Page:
October 16, 2009
Library celebrates 100 years

GOFFSTOWN - The Goffstown Public Library, a pretty brick building that has been right at the center of Goffstown’s village – literally and figuratively – has stood there for 100 years. But those who love it say it remains just as important today as it did when the townspeople banded together and voted to spend $14,000 to erect it.

“Libraries are definitely not a book business. It’s a people place,” Jessica Stevens, a library assistant, said.

The library has been a people place longer than 100 years, Dianne Hathway, director of the library, said. Before the building ever stood there, collections of books moved throughout the town, from house to house, as a free library. 

In 1888, a Goffstown resident named Lucy Rogers donated 150 books to the town to create a centralized library, which was in the old town hall building. In 1907, Frank Parker donated the land where the library stands now. And in March of 1908, the town voted at their annual meeting to borrow $14,000 to build the library. 

“I think nowadays we forget was a treasure books were in the old days,” Hathaway said. “Some people came with them to the new world – their one book.”

The library culminated a celebration of the building’s 100 year birthday last Saturday, with a rededication of the library complete with a birthday cake from Michelle’s Gourmet Pastry, and apple cider. Employees read the original dedication from 1909.

Hathaway said the building was the first of its kind in the area, a big brick structure in the midst of clapboard and wooden buildings.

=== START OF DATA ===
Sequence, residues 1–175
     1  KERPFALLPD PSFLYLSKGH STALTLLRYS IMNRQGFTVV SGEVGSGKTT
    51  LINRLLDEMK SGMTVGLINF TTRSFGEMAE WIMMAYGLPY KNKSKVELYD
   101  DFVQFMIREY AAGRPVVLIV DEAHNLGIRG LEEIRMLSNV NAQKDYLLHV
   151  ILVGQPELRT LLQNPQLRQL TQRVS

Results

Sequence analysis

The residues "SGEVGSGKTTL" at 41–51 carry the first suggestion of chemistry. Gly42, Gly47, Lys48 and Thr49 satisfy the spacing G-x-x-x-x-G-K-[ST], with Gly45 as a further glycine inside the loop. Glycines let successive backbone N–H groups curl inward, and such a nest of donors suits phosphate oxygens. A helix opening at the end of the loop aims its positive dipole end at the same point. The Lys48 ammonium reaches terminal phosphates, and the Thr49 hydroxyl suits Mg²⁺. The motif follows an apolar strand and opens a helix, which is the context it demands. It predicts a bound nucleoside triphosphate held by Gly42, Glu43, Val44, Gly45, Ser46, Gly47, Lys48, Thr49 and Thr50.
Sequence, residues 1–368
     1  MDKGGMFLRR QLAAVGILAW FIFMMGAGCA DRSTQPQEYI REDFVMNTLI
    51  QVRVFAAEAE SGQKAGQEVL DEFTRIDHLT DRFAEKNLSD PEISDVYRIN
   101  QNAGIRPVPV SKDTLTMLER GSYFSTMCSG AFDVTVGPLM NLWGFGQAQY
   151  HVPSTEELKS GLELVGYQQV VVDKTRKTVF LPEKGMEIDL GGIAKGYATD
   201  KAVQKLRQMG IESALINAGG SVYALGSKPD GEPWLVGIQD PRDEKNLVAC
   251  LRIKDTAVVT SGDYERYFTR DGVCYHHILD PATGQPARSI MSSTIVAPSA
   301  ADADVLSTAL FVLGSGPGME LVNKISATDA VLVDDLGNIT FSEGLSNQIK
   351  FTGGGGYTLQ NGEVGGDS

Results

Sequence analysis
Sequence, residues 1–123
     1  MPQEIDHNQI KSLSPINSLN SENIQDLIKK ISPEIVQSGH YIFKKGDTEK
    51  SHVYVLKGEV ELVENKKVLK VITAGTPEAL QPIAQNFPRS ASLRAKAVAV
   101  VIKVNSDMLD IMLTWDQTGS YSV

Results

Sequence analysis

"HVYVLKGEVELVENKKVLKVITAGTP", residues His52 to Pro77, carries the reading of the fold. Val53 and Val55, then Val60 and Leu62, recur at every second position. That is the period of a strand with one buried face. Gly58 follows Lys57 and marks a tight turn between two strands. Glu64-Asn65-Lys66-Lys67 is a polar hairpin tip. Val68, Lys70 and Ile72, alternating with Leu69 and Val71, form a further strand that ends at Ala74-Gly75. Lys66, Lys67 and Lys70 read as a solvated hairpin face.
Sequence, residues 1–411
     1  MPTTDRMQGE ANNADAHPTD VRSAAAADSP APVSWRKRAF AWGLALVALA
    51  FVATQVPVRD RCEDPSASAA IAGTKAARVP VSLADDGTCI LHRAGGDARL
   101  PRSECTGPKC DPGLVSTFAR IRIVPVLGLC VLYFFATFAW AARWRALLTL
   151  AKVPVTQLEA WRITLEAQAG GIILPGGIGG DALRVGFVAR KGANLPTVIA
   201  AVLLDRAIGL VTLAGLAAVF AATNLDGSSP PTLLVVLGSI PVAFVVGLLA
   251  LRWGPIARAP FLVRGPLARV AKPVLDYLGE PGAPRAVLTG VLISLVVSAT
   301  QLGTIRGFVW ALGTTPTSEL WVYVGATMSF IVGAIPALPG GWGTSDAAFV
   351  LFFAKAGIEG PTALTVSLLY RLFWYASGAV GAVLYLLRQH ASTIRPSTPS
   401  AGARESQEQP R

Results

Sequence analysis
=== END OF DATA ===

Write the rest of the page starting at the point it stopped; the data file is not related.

“I can’t imagine what people driving through – or riding through on their horse and buggy – thought when they saw this majestic building,” she said.

The library has inspired reverence from those who know it well for years. Local poet Moses Gage Shirley wrote a poem, “Our Library,” about it. Mary Sullivan, a descendent of his, read it at the rededication.

"Our library with all its treasures,/To the future is handed down,/What better gift could be given,/To the youth of the growing town?" one stanza of the poem reads.

The building was originally built as a memorial library – as a sign out front says – and inside, large marble slabs bear the names of soldiers from New Hampshire killed as long ago as the “War of Rebellion.” Their names were lettered by hand in gold leaf. That was one of the characteristics that earned the library building a spot on the National Register of Historic Places, where it was listed in the 1990s.

In the age of Google and e-books, Hathaway said the library is doing just fine.

“I think that [people] still depend on the library…We’re busier than ever,” she said. “We have not lost business because of the Web.”

In fact, many people come to the library to use the Internet, she said. But libraries are more than just buildings full of books and computers: they are a place to gather, the centers of towns, she said.

“We provide something no else can,” Hathaway said. “It belongs to the community. We’re just the caretakers of it now.”




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